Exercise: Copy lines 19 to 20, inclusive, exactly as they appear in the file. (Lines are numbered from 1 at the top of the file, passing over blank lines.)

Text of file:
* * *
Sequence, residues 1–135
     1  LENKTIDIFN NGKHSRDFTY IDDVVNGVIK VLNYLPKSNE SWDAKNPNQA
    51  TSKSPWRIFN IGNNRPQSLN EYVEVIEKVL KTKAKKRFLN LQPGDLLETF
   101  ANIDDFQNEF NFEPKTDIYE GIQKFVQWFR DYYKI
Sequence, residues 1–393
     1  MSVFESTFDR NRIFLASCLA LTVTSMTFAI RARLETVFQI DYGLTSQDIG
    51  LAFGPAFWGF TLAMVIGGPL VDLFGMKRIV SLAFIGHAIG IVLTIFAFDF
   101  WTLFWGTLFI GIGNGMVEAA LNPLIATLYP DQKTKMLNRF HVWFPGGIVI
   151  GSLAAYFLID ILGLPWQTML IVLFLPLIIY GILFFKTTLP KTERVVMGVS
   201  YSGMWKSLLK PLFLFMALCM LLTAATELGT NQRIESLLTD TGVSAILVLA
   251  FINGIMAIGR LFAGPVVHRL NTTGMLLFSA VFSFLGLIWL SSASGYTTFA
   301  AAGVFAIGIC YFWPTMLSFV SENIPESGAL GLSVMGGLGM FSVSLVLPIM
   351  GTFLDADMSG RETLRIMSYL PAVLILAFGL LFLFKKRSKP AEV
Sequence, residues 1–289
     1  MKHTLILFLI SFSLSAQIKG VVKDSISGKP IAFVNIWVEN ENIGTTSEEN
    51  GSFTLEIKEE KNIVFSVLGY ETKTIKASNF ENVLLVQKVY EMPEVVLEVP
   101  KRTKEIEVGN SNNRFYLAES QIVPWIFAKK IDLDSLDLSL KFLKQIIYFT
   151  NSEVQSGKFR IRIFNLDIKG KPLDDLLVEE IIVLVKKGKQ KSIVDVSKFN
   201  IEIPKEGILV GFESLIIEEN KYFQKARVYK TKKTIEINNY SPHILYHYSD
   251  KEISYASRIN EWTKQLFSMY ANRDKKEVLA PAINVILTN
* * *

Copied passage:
   201  IEIPKEGILV GFESLIIEEN KYFQKARVYK TKKTIEINNY SPHILYHYSD
   251  KEISYASRIN EWTKQLFSMY ANRDKKEVLA PAINVILTN